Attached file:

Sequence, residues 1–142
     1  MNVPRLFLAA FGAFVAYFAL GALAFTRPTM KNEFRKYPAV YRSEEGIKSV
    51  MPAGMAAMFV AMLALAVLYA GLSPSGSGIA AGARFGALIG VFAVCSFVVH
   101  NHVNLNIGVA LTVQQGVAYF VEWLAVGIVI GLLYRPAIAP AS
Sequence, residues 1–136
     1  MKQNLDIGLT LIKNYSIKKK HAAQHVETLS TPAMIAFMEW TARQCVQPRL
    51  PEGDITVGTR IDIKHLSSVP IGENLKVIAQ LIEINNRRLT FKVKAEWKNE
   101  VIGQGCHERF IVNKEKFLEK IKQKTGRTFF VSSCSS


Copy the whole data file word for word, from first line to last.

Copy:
Sequence, residues 1–142
     1  MNVPRLFLAA FGAFVAYFAL GALAFTRPTM KNEFRKYPAV YRSEEGIKSV
    51  MPAGMAAMFV AMLALAVLYA GLSPSGSGIA AGARFGALIG VFAVCSFVVH
   101  NHVNLNIGVA LTVQQGVAYF VEWLAVGIVI GLLYRPAIAP AS
Sequence, residues 1–136
     1  MKQNLDIGLT LIKNYSIKKK HAAQHVETLS TPAMIAFMEW TARQCVQPRL
    51  PEGDITVGTR IDIKHLSSVP IGENLKVIAQ LIEINNRRLT FKVKAEWKNE
   101  VIGQGCHERF IVNKEKFLEK IKQKTGRTFF VSSCSS